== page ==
"But new research inspired by the famous wager between economist Julian Simon and biologist Paul Erhlich has found just the opposite. Consider the amount of time it takes a typical worker to earn enough money to buy commodities — the “time price” of those items, so to speak.
The recently published “Simon Abundance Index” found that for each 1 percent increase in the world’s population, the average time price of 50 commonly used commodities declined by 0.934 percent. In other words, for each 1 percent increase in population, the cost of commodities has fallen by almost 1 percent. Each child born today eventually grows up to make resources less scarce, on average, by contributing to innovation and the global economy.
So, worrying about overpopulation makes little sense."
Such a fall would remove some of the projected strain on natural resources but would present governments with stark policy choices over migration and the economy. The world’s population will peak at 9.7 billion in 2064 and decline to 8.8 billion by the end of the century, according to research led by the University of Washington in the US and published in the Lancet. It says some countries, including Japan, Spain and Italy, will see their populations halve, while sub-Saharan Africa’s population will triple in the next 80 years. ...
The number of older people will overtake the young, with 2.4 billion people over the age of 65 forecast by 2100, compared with 1.7 billion under the age of 20. The major factors in shrinking the population are widening access to contraception and improvements in educating women and girls. If those trends are curtailed, higher growth will ensue.
"More rapid growth in educational attainment, on the other hand, is likely to produce increased economic activity and an eventual net increase in emissions of around 5% to 25% by 2100, depending on the region."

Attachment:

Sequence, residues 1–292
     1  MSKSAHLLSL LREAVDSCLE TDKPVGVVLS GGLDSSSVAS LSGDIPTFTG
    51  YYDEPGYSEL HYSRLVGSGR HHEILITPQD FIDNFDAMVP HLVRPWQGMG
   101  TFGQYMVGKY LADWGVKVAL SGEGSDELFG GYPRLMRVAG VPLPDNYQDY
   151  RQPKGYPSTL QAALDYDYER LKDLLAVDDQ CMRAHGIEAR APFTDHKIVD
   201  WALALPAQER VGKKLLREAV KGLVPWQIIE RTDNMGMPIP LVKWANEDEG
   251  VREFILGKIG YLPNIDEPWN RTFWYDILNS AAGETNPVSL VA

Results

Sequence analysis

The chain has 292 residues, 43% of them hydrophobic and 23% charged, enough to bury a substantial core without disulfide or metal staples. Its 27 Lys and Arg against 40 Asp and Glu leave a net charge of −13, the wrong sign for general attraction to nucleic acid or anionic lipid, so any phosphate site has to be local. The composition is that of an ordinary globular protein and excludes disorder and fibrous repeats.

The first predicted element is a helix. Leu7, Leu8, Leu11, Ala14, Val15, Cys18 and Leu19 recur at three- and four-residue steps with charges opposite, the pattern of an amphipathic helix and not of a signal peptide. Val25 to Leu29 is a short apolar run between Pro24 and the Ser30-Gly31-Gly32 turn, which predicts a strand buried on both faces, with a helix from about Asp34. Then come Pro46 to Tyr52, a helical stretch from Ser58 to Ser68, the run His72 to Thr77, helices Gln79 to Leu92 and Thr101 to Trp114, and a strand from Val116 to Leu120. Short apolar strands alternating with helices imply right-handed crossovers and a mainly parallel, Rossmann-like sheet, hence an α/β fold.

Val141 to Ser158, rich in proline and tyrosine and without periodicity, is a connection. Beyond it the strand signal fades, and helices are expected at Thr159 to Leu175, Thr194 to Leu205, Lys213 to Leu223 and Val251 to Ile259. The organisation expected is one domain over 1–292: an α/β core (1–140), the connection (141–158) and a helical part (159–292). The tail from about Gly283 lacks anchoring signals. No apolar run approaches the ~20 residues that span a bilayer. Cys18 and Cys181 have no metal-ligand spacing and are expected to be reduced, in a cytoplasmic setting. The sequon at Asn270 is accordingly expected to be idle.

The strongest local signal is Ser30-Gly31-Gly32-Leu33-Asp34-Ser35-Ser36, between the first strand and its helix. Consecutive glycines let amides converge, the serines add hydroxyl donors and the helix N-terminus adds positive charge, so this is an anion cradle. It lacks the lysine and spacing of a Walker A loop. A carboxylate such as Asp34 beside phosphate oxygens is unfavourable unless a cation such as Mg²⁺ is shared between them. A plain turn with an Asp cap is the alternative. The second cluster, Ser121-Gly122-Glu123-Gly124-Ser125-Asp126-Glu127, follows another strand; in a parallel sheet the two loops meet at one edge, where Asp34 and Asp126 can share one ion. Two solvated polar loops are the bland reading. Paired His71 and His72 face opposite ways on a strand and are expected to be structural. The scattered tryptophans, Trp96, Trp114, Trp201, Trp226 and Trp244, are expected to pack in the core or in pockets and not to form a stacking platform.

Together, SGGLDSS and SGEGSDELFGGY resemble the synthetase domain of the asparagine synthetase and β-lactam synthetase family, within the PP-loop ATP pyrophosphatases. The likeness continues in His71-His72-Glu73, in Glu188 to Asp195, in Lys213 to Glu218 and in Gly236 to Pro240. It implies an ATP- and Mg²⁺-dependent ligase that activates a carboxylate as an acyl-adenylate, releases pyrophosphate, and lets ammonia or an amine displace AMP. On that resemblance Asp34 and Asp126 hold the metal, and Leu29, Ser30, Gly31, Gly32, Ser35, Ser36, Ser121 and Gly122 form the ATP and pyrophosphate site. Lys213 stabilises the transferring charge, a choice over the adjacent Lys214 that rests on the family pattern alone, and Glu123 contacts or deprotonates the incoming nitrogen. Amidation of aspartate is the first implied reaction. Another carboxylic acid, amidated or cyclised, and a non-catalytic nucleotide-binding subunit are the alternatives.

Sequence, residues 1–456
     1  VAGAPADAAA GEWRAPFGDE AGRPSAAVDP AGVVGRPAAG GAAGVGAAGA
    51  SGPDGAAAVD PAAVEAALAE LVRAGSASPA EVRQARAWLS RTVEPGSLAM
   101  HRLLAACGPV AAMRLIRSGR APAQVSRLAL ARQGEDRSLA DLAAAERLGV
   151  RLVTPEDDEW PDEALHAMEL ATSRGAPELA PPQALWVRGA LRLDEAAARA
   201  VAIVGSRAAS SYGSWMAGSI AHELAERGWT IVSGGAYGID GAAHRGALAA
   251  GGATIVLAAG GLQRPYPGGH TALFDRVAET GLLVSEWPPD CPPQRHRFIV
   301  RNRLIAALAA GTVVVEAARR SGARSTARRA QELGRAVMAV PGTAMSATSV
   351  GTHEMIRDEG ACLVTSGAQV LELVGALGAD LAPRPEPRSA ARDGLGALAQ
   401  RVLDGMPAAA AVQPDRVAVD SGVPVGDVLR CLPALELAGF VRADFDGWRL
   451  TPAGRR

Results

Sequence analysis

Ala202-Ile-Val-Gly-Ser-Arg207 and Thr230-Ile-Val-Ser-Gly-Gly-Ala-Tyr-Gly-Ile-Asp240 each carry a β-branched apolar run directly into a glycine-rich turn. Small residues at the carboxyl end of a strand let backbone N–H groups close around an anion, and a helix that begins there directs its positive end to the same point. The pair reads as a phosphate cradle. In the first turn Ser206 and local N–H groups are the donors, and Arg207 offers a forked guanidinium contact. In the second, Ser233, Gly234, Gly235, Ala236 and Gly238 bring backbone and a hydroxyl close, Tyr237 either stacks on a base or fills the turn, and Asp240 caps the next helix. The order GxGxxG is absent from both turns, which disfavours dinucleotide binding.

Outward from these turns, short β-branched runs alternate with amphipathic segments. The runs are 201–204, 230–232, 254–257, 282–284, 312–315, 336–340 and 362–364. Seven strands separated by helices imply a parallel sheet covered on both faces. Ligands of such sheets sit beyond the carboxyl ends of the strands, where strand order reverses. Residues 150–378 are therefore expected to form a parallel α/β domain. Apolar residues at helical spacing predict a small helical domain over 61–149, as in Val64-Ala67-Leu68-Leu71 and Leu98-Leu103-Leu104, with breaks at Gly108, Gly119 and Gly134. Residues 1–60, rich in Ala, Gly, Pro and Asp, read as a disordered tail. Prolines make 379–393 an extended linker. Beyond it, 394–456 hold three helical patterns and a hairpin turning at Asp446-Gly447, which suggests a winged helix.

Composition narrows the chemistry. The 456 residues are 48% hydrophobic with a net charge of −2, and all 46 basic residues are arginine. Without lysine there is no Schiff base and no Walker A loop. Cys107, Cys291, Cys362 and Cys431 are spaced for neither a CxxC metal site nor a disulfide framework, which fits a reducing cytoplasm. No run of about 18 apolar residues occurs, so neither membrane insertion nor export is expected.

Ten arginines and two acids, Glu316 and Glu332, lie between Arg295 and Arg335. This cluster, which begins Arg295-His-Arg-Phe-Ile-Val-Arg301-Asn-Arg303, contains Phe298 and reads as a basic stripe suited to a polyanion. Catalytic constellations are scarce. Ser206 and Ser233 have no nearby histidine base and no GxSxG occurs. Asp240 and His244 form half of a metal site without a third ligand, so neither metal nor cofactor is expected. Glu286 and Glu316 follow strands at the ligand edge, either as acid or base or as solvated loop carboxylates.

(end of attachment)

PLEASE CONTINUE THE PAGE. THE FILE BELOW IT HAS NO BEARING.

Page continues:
Monbiot: “The only concrete proposal in your film was that there should be a mass die-off”
“Population growth is what people reach for when they don’t want to face structural and systemic problems, problems such as capitalism. Population growth is what people reach for when they want to kick down, not kick up.”
“What we see is a phenomenon of comparatively wealthy white people saying we’re not the problem, our consumption growth isn’t the issue, its those people breeding, they are the problem. This claim is inherently racist, rich white people blaming poor brown people for an environmental problem which is mainly created by rich white people. This emerges from a very long standing discourse, a discourse which really arose from colonialism, and was used as one of the justifications for colonialism. …”
Morano responds to Monbiot. "Spot on! It is important to note that it is not conservatives who espouse this, it is typically white male liberals who worry about "overpopulation" in countries with people of color. One of the loudest cheerleaders of reducing African nations' population has been Al Gore. Below is what Gore said at a Bill Gates event in 2014."
Federal figures released Wednesday show that women in the U.S. had babies record-low rates in 2019, causing the number of U.S. births to reach the smallest number in 35 years. The data demonstrates that birth rates in the U.S. have not rebounded since the 2007-2009 recession when childbearing began declining. U.S. women gave birth to about 3.75 million babies in 2019, a number which is down 1% from 2018, the WSJ reports from Centers for Disease Control and Prevention’s National Center for Health Statistics figures. CDC data show that fertility rates fell 2% — 58.2 births per 1,000 women between the ages of 15 and 44 — reaching the lowest levels since the government began tracking this data in 1909, the publication reports.